It’s easy to rattle off facts about Simon Webbe (his first two albums, “Sanctuary” and “Grace” have sold over 1 million copies in the UK alone between them, yielding five hit singles) but they don’t convey how much he’s actually achieved. Put it this way: Simon used to be one-quarter of cheeky R&B/pop outfit Blue – otherwise known as the boy-band’s boy-band – and, as everyone knows, former boy-banders don’t have successful solo careers. Unless, that is, if their names are Robbie Williams, George Michael or, well, Simon Webbe.
Naturally, various pundits are claiming that they knew all along he’d be successful. (20/20 hindsight is great, isn’t it?). That was more than Simon knew when the 13-million-selling Blue split in 2004. Back then, if you’d told him that, four years on he’d be recording his third solo album and that he would have massive international solo success (big sales across Europe and Asia, plus picking up the “Best Breakthrough Act” gong at the 2006 MTV Asia Awards) he wouldn’t have believed it.
Around the release of “Sanctuary” Simon readily admits he had “Oh my God” moments when he’d be onstage somewhere and suddenly remember that he was the only one up there. “I’d instinctively put the mic down and wait for the others to come in on the next verse, and then realise that it was just me. It took me a long time to find my solo feet.” And now? “Now, as I do each live show or TV or record, my confidence grows.”
It helps that he’s found a sound that feels right. He calls it “urban folk,” because the music reflects both his upbringing in Moss Side, Manchester and his appreciation of rootsy harmonicas and banjos. “Funnily enough, he had toyed with the idea of being a rapper or a straightforward R&B sexpot. “I saw myself doing R&B,” he chortles, illustrating with a few medically-improbable dance moves. “Then I realised I wasn’t the UK’s answer to Usher.” Usher will probably be relieved to not have to worry about competition from Manchester.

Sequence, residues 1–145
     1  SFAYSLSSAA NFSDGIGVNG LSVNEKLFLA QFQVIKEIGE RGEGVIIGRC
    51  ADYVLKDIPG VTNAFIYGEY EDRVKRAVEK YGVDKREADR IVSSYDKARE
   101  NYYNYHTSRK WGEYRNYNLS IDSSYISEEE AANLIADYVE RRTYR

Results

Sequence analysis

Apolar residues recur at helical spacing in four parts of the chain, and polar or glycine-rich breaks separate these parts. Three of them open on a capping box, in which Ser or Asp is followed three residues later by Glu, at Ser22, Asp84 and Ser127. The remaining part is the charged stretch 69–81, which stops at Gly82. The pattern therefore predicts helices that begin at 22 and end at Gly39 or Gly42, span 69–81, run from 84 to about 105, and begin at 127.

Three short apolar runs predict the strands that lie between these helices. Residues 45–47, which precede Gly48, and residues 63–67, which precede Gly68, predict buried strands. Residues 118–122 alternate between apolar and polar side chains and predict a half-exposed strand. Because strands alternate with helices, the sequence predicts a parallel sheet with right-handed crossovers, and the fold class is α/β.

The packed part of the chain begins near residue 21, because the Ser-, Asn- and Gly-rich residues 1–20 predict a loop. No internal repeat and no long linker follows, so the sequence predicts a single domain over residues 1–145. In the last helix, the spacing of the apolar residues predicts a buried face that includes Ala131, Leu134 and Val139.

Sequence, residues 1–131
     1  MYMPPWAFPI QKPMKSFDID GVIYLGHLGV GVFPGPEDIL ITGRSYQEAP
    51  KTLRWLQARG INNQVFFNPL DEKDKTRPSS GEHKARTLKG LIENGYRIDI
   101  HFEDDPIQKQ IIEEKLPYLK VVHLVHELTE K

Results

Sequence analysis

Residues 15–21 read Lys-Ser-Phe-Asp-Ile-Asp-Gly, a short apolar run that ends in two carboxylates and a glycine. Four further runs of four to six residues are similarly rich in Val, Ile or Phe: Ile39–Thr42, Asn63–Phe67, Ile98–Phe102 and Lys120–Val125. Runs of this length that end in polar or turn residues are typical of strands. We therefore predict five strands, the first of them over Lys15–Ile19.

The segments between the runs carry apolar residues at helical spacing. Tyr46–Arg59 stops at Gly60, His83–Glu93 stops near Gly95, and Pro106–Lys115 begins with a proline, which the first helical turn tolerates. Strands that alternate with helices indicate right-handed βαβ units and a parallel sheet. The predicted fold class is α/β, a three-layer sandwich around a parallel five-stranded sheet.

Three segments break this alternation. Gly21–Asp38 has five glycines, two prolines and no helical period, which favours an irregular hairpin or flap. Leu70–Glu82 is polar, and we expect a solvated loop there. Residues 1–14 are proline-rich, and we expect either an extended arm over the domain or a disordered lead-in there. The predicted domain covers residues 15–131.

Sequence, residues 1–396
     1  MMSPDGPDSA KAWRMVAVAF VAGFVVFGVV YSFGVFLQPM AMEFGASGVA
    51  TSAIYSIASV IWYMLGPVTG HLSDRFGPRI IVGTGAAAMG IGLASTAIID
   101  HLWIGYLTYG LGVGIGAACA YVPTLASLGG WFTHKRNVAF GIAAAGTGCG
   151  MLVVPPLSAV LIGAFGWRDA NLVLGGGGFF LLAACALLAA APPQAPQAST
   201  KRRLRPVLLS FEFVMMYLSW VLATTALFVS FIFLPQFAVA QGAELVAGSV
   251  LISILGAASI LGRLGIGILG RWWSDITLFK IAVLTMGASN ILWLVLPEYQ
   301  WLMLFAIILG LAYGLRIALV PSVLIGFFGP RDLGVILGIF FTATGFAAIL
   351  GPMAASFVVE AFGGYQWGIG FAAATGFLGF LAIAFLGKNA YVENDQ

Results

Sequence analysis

Manchester, or more specifically Moss Side, where Simon’s mum and siblings still live, features heavily in his music” If he hadn’t left, he reckons, “I would’ve fallen into the same situation as my friends. If you try to get a job, employers see the M16 postcode and they don’t want to know. And the attitude is [belligerently]:’Yeah, I’m from Moss Side, respect me’.” And so, despite the fact that it was recorded in the south of France, much of “Grace” was informed by his experiences in M16.
For instance, the gospel-scented, semi-acoustic track ‘Grace’ is about “my mum, and the way she raised me. I was a bit wild at one point, and she sent me to Nevis [the island where she grew up] when I was 14 to experience life as she was raised. It was like a boot camp. I went a boy, and came back a man.” The song’s chorus – “You give me grace to say when I got it wrong” – is his way of thanking her.
2006’s hit single “Coming Around Again,” an utterly infectious folk-tinged number, features a strong lyrical message just like Simon’s 2005 massive hit “No Worries.” Simon says: “‘No Worries’ seemed to mean a lot to people. It was a massive hit in Asia, and I had people come up to me and say, ‘My husband died in the tsunami, and ‘No Worries’ gave me hope.” Similarly, “Coming Around Again” is about good times, and the strength of the human spirit”.
Simon also finds the time to indulge in his other musical passion – DJing around the UK’s top clubs playing across the board from funky and commercial House, through urban flavours, hip hop, RnB and electro.
Simon appeared in I’m A Celebrity…Get Me Out Of Here! 2008. He is also joining forces with Blue and fellow boy-bands in the Big Reunion Boy Band Tour 2014.
Simon is also appearing on 2014’s BBC’s Strictly Come Dancing.